The nation’s housing market, as expected, continues to cool from the torrid pace of 2005, although the year should shape up by most estimates to be very solid. Among the key statistics released by government agencies, research firms and industry-related trade associations in recent weeks were the following:
Despite the anticipated year-end slowdown, U.S. home builders set a new record for single-family housing production in 2005, topping 2.06 million units, according to the National Association of Home Builders. The Washington, DC-based NAHB noted that housing starts last year were up 5.6% from 2004, and represented the second-highest number on record, following 1972’s 2.36 million units. On the single-family side, housing starts hit 1.71 million units in 2005, up 6.4% from 2004 and the best pace ever recorded, the NAHB reported. The housing market is expected to return “to a healthy and more sustainable pace” in 2006, the trade association added. The NAHB’s latest forecast for 2006 anticipates a 6.5% decline in national housing starts, to approximately 1.93 million units.
As expected, existing-home sales easily set an annual record in 2005, the National Association of Realtors reported last month. There were 7.072 million existing-home sales recorded for the year, up 4.2% from 6.784 resales of 2004, and the fifth consecutive annual record, the Washington, DC-based NAR said. Despite recent declines, the level of home sales activity “is now at a sustainable level, and is likely to pick up a bit in the months ahead,” said David Lereah, NAR’s chief economist. “Overall fundamentals remain solid, so we expect the housing market to remain historically high,” Lereah commented.
New-home sales across all regions of the country were mixed in 2005, even though sales of new single-family homes set an all-time record, the National Association of Home Builders reported. Total new single-family home sales for 2005 reached a record 1.282 million, up 6.6% from the previous annual record of 1.203 million, set in 2004. However, while sales were strong in the South and West, they declined in the Northeast and Midwest, the Washington, DC-based NAHB reported. Sales were up in the South by 13.3% and up in the West by 3.4%. Sales dropped in the Northeast and Midwest by 2.4% and 2.9%, respectively. According to NAHB Chief Economist David Seiders, expectations are for a 6-7% decline in new-home sales this year – “but certainly no reason for alarm. This would make 2006 the second or third best year in housing history,” Seiders said.
Cabinet & Vanity Sales
Sales of kitchen cabinets and bathroom vanities increased 13.3% in 2005 over sales a year earlier, the Kitchen Cabinet Manufacturers Association said last month. According to the Reston, VA-based KCMA, manufacturers participating in the association’s monthly “Trend of Business” survey reported that sales of stock cabinets rose 12.9% for the year, while semi-custom cabinet sales were up 14.6% and custom cabinet sales increased 9.7%.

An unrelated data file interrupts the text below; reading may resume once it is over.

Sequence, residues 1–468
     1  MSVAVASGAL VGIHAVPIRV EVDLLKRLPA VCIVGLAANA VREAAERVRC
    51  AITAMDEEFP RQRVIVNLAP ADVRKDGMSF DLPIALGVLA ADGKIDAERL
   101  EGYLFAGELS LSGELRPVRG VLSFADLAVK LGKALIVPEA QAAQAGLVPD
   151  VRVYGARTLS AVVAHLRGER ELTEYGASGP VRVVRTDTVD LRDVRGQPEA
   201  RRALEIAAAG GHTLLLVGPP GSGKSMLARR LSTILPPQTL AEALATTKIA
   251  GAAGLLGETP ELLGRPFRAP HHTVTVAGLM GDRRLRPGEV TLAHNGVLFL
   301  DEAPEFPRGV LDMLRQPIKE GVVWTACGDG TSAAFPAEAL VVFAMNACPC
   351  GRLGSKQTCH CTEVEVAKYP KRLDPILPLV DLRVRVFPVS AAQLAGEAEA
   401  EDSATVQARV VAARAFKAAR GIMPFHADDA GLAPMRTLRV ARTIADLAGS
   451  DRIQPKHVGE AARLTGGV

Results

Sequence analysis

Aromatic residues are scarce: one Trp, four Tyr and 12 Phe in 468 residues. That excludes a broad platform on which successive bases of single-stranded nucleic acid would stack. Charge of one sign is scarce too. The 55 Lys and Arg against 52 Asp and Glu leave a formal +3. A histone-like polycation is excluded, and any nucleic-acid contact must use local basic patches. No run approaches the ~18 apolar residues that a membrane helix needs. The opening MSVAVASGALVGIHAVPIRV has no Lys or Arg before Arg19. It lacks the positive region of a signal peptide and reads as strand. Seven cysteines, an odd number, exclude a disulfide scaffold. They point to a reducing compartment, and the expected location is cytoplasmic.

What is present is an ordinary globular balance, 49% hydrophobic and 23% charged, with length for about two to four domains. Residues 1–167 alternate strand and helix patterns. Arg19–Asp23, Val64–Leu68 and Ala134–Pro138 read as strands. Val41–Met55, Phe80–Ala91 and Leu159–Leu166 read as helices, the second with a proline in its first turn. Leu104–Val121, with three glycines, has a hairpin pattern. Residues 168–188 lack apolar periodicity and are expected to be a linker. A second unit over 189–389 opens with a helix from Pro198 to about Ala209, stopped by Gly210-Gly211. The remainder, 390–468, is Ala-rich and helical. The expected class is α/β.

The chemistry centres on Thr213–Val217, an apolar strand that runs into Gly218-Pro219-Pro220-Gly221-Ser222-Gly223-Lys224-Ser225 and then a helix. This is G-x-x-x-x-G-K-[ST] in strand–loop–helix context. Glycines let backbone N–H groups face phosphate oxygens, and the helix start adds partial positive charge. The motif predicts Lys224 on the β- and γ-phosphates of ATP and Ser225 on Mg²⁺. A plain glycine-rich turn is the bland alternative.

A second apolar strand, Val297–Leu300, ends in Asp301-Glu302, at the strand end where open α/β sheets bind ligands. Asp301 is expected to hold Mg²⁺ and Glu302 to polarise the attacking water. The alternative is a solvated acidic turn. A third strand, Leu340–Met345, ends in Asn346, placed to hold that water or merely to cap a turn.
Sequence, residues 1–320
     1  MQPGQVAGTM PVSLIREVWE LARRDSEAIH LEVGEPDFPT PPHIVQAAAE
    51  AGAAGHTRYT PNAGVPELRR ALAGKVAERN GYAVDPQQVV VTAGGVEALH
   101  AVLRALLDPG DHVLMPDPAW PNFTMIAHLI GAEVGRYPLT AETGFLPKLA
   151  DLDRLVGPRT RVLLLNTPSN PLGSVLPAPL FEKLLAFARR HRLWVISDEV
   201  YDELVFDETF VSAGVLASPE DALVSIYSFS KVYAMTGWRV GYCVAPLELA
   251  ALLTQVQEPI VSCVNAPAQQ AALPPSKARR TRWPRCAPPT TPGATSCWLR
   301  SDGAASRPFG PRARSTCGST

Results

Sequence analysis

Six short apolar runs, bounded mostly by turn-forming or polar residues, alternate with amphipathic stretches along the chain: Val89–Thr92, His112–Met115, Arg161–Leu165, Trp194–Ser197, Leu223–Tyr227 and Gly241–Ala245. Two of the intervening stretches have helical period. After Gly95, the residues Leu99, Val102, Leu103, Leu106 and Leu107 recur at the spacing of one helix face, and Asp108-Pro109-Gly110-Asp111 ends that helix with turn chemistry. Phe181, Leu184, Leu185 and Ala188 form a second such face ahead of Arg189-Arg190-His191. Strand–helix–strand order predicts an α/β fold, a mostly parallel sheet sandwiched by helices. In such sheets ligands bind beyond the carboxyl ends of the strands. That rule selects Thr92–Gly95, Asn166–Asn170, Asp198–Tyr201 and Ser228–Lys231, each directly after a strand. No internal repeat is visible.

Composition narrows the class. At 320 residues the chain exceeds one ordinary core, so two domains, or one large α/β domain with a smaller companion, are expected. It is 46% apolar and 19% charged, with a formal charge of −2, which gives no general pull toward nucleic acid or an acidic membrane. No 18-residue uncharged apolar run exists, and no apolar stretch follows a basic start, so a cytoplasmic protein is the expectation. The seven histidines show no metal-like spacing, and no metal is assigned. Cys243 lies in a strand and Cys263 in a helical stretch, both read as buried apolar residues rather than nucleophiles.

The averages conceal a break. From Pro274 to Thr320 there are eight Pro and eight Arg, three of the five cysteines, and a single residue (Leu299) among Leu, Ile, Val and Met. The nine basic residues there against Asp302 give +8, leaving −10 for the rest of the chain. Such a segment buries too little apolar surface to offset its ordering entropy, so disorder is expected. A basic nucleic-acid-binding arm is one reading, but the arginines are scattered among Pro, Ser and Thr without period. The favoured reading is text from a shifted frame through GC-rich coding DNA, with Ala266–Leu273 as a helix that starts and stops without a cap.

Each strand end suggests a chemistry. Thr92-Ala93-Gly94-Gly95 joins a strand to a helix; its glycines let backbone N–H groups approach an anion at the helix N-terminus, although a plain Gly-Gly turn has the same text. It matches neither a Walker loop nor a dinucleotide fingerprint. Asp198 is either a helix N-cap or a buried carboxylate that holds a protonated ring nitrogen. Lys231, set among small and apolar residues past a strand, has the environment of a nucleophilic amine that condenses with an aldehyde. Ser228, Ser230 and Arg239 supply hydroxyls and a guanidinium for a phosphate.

Pending Home Sales Index Down, But Expectations Reported Up for the Months Ahead
WASHINGTON, DC — Pending home sales continue to decline as the housing market cools down, although conditions are expected to improve in the months ahead, according to the National Association of Realtors.
The “Pending Home Sales Index,” a measurement compiled by the Washington, DC-based NAR, was down 3% in December 2005, and was 5.5% below December 2004. Pending sales have trended steadily down from a record index last August, the NAR reported (see related graph).
The Pending Home Sales Index is based on pending sales of existing homes. A sale is listed as considered “pending” when the contract has been signed and the transaction has not closed, but the sale usually is finalized within one or two months of signing. An index of 100 is equal to the average level of contract activity during 2001, the first year to be examined, and the first of five consecutive record years for existing-home sales. David Lereah, NAR’s chief economist, said momentum in the housing market shifts slowly. “Changes in the overall direction of the housing market are akin to a large ship making course corrections – it takes some time for the driving factors to materialize as a change in the sales level,” he said.
Lereah noted he wouldn’t “be surprised” to see conditions improve, based on the current level of mortgage rates. But even with an upturn in sales, he said he expects the housing market to stay below last year’s record.
“We’re going through a period of adjustment,” Lereah observed. “As home sellers recognize a return to more normal rates of price growth, some who have been holding out for higher prices will be more willing to negotiate terms that are acceptable to buyers but still provide them a solid return on their investment.”
Stocks Decline Per Interest Rate Hike
Stocks associated with the kitchen and bath industry declined in January with an interest rate hike by the Federal Reserve.
The index of 52 key stocks of building products manufacturers, distributors, retailers, home builders and e-commerce enterprises – as tracked in Kitchen & Bath Design News’ exclusive monthly Stock Index – plunged 114.77 points, or 4.34%, to close the trading period from Jan. 5 through Feb. 3 at 2527.90. The Dow Jones Industrial Average fell 88.58 points, or 0.81%, ending the month-long trading period at 10793.62, while the Nasdaq Composite Index lost 14.29 points, or 0.63%, to close at 2262.58 (see Market Diary).
Declining stocks edged out advancing issues 27-23, with 15 stocks reaching a new 52-week high and three hitting a new annual low. Top gainers included Owens Corning, Armstrong Holdings and American Woodmark. Toll Brothers, HydroMaid and Beazer Homes were among the biggest losers.